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RATPAC: How a Network of Junior Acquirers is Changing the Air Force

ACQUISITION NEWS & GAZETTE --

Innovation is the key to future success. It sounds great, but in the reality of a government bureaucracy it seems impossible to accomplish. You probably have great ideas that would benefit the Air Force. However, due to a perceived lack of empowerment or top level support, you may have not been able to implement your ideas. RATPAC is trying to change that. The Revolutionary Acquisition Techniques Procedures and Collaboration group is a team of government civilians and Company Grade Officers (CGOs) who have been empowered by Air Force (AF) and United States Special Operations Command (SOCOM) senior leadership to create an organization that will help you implement innovation. RATPAC connects likeminded civilian and military junior acquisition professionals in order to form a network of collaboration that identifies, develops and implements Tactics, Techniques and Procedures (TTPs) to improve acquisition. RATPAC members have started to attack issues on multiple fronts, diving into problems to implement strategic perspectives from the grass roots level.

It is well known that SOCOM has been successful in fostering a culture of innovation. One example is the Ghost Program, which deploys a handful of high energy AF junior officers to SOCOM each year to learn and apply SOCOM’s TTPs. The “Ghosts” are then empowered with the responsibility to implement their ideas when further deployed to multiple AORs. In March 2014, Chief of Staff of the Air Force Gen Mark Welsh visited SOCOM and received a briefing on the Ghost program. He wanted to know how Ghosts could take what they learned back to the broader AF. In true SOCOM fashion, Mr James Geurts, SOCOM’s Acquisition Executive (AE) and GHOST program founder, turned to the Ghosts and tasked them to “go do.” The result was RATPAC, with the first meeting being held in May 2014. Just three months later, Mr Geurts, Dr Bill LaPlante (SAF/AQ), Gen Janet Wolfenbarger (AFMC/CC), and Gen William Shelton (AFSPC/CC, now retired) signed the RATPAC Charter. THREE MONTHS! Imagine getting a signed acquisition strategy in that time.

The junior officer-led RATPAC utilizes the Ghost concept by bringing high energy AF and SOCOM junior  cquirers together to capitalize on a diverse perspective of new or improved TTPs. This premise is not new. RATPAC is modelled after the Weapons and Tactics conference (WEPTAC), in which pilots, navigators and combat systems officers share fighter/bomber TTPs. It is a forum to discuss innovative concepts, present real world tactical problems, and deliver solutions designed for immediate implementation. The key is that RATPAC members strive to come up with solutions that can be actioned immediately, and solicit support from the network to empower change.

Old and new members of RATPAC meet semi-annually, alternating locations between the AF and SOCOM. RATPAC II, a three day event hosted by PEO Weapons at Eglin AFB 20-22 October, brought together a diverse group of 32 junior acquirers to blend fresh, innovative ideas with the core concepts of development and implementation. During RATPAC II’s first two days, TTPs were exchanged through case studies and presentations which challenged the team to examine key issues, root causes and question solutions. RATPAC II’s theme, “Do Less with Less,” certainly drew some attention. Speakers applied this concept by discussing how to be effectively efficient, the key of being “right sized,” and how to work with leadership to be a “reverse mentor.” The last day was dedicated to the issues that RATPAC  articipants saw within their organizations. During both small and large group discussions, participants analysed their own programs, examined problem areas and offered implementable solutions.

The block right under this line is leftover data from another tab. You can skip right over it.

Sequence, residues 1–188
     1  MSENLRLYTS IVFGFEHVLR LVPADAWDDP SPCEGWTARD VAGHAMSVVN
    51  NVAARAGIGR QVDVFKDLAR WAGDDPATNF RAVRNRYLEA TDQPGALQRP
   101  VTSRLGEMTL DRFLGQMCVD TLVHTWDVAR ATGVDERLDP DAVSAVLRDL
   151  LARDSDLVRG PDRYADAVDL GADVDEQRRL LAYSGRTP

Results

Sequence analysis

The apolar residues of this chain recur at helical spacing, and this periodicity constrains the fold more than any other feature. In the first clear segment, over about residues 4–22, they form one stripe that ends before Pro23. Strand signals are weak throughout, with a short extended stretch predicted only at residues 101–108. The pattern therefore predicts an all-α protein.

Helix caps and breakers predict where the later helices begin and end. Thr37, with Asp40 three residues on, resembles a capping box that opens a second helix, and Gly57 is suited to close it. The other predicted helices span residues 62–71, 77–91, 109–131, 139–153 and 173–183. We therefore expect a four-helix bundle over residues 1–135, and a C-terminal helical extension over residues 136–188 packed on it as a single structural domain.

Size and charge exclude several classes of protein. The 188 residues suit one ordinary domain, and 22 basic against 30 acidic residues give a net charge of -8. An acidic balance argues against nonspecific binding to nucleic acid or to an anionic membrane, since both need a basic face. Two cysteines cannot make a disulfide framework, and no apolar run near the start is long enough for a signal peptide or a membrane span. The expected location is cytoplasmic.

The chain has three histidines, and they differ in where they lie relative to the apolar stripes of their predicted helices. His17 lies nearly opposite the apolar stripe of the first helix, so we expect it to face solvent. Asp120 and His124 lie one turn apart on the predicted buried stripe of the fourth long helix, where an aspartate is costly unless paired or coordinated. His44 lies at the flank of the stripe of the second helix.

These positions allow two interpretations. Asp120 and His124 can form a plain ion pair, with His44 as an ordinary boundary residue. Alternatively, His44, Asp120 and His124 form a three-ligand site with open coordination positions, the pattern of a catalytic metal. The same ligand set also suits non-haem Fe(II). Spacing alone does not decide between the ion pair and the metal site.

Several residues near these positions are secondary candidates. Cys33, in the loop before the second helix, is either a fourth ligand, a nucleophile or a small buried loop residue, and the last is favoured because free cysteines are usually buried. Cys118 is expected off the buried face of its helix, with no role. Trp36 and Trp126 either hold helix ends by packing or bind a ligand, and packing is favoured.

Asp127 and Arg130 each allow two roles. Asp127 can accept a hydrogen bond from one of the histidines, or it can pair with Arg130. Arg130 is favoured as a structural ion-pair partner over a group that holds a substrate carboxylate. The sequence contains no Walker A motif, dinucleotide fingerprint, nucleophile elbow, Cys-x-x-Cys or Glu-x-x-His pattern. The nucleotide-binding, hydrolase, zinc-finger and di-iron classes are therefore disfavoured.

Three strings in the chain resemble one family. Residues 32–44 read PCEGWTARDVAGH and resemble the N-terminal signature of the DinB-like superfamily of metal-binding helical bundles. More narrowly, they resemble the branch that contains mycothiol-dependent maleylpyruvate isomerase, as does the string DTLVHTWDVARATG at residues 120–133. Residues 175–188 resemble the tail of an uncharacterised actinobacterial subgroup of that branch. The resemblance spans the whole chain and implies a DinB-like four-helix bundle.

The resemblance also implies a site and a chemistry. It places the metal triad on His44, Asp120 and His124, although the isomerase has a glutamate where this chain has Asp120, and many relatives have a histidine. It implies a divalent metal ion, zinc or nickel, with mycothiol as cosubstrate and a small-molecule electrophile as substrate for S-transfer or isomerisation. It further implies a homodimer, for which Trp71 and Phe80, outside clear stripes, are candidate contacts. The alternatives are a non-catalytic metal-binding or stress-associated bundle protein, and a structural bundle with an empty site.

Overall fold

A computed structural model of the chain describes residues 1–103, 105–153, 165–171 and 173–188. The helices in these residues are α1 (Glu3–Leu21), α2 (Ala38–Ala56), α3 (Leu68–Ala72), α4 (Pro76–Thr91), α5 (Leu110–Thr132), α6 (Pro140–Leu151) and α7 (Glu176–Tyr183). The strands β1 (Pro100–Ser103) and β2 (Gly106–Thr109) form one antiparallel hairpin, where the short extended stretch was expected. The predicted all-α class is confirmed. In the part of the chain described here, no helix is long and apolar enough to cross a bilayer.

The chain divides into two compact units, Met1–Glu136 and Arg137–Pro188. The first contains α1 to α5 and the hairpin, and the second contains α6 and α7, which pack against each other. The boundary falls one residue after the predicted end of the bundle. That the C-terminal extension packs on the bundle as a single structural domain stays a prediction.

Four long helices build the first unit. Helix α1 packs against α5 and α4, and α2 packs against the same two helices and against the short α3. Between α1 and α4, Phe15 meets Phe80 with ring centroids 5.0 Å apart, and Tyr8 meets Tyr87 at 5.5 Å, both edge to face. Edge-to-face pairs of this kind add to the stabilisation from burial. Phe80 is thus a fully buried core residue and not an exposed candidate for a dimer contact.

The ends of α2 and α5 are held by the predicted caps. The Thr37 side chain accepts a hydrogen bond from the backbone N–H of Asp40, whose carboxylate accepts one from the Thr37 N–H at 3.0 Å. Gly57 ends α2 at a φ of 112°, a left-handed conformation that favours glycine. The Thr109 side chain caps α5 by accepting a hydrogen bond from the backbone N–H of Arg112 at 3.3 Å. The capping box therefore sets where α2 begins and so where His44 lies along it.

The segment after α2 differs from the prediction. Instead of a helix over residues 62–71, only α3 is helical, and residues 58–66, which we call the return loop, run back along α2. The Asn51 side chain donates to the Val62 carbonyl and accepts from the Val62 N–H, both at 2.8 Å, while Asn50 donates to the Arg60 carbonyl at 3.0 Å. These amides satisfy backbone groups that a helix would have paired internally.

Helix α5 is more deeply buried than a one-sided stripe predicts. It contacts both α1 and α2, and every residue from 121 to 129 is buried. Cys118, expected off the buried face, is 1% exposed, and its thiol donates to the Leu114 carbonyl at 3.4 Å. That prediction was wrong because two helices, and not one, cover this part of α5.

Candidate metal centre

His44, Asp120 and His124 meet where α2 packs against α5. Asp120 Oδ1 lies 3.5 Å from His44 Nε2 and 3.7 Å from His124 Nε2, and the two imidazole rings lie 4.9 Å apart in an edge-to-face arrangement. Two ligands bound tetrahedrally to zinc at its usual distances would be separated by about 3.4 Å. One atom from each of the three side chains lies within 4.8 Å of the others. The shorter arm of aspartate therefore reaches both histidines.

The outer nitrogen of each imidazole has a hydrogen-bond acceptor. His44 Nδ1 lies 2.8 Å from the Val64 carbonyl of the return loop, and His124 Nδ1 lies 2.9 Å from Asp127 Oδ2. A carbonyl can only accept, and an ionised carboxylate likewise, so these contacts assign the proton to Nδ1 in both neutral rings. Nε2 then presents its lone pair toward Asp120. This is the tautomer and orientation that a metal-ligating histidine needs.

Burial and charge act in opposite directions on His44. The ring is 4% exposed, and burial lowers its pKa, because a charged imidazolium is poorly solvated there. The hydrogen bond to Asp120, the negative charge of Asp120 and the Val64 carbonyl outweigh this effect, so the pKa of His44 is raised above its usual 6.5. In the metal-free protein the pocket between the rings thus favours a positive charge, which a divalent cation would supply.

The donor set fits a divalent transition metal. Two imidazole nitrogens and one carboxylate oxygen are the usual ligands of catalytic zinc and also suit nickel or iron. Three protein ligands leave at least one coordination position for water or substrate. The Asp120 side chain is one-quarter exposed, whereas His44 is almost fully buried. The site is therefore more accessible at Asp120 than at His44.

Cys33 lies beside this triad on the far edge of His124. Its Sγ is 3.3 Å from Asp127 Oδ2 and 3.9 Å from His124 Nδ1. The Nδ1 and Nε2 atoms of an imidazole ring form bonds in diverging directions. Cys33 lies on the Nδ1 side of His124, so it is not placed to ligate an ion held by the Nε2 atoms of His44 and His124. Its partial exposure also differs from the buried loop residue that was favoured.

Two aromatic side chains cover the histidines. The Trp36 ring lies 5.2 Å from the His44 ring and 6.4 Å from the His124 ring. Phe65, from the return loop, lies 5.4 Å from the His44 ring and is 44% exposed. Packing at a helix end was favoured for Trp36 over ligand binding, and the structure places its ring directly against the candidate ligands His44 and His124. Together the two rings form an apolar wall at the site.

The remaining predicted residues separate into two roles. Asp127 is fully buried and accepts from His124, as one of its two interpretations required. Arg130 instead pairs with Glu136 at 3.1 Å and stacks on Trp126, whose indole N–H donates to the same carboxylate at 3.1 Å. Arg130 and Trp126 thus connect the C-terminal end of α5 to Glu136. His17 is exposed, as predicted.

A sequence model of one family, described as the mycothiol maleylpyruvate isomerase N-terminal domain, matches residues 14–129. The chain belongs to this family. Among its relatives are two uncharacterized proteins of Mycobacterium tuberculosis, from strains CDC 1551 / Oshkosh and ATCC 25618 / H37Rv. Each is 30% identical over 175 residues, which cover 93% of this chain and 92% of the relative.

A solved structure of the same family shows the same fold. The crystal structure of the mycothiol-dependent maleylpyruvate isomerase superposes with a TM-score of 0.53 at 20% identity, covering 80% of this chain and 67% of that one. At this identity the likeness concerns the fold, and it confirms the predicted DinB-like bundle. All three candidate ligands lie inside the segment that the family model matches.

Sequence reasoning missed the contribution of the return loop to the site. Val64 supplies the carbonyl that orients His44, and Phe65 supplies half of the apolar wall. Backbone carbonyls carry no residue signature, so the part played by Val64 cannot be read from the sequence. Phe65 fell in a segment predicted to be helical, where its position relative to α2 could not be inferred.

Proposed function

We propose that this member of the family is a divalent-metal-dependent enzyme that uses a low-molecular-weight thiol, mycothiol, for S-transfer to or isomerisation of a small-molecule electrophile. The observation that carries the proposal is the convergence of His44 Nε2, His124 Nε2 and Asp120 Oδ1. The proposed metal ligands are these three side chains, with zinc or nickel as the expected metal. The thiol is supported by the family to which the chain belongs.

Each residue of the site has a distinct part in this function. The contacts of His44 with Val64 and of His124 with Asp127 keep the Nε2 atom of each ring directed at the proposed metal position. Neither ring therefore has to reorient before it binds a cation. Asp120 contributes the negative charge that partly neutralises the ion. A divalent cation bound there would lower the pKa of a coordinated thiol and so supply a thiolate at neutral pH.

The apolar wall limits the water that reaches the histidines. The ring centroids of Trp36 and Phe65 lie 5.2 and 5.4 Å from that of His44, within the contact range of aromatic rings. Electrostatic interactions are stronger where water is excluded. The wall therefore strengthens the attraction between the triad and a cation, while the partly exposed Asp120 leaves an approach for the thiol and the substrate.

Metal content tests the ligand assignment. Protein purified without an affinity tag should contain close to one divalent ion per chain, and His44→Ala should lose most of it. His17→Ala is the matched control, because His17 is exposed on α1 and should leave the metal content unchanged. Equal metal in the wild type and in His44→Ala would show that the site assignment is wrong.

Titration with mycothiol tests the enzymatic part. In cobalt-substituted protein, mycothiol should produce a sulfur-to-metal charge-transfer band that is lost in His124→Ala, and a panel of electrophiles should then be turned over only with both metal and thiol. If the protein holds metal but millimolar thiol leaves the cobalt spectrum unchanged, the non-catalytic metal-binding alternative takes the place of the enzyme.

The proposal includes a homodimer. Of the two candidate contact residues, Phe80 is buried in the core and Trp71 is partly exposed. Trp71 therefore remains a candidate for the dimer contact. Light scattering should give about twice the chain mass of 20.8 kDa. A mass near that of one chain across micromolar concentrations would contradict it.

Success stories started flowing back to the group just weeks after the event. Capt Scott Eberle from Peterson AFB utilized RATPAC to solicit ideas for space operations command and control, subsequently using common off-the-shelf products to refine user requirements. Lt Amber Oar from Gunter Annex is developing a strategy to establish a web based library for software licenses to equip AF engineers with enhanced development capability. Ms Brigitte Kneer from Robins AFB has dramatically reduced paperwork – cutting out “mandatory” reporting formats and large summaries in order to supply just the minimum needed information, reducing cumbersome documents from 120 pages to two.

Senior leadership has shown tremendous support and is beginning to utilize this new team. Recently, Dr LaPlante asked the group to help him find solutions for some of his key challenges. Utilizing the concept of “Do Less, and be more productive,” he asked us how can the AF do a better job at owning the  echnical baseline and how do we fundamentally change the perception of Air Force acquisition? RATPAC is hard at work providing solutions, but we need more help. So in true RATPAC style, I am using this closing as a call to action. If you are either a government civilian or military member and would like to join, you can contact me at Jason.Rathje.1@us.af.mil. I will get you in touch with RATPAC members local to you. All ideas are welcome as long as you remember the GHOST motto, “Yes, if” NOT “No, because.”

RATPAC attendees strategizing innovative acquisition techniques.